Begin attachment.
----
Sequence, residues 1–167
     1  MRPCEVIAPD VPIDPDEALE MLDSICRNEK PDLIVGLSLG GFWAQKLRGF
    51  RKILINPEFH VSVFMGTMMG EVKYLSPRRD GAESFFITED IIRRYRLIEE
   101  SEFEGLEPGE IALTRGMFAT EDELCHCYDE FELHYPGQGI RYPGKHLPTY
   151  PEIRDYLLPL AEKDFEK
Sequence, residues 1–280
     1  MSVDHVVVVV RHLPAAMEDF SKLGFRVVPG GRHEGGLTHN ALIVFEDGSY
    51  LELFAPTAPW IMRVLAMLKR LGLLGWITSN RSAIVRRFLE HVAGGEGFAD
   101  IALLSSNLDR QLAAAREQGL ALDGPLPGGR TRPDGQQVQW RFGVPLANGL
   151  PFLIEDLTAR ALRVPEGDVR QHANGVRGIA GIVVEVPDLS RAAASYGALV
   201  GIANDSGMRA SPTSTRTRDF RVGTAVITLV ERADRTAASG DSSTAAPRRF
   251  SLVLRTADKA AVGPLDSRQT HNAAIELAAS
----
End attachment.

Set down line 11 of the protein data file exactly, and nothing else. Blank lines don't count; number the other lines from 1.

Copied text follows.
   201  GIANDSGMRA SPTSTRTRDF RVGTAVITLV ERADRTAASG DSSTAAPRRF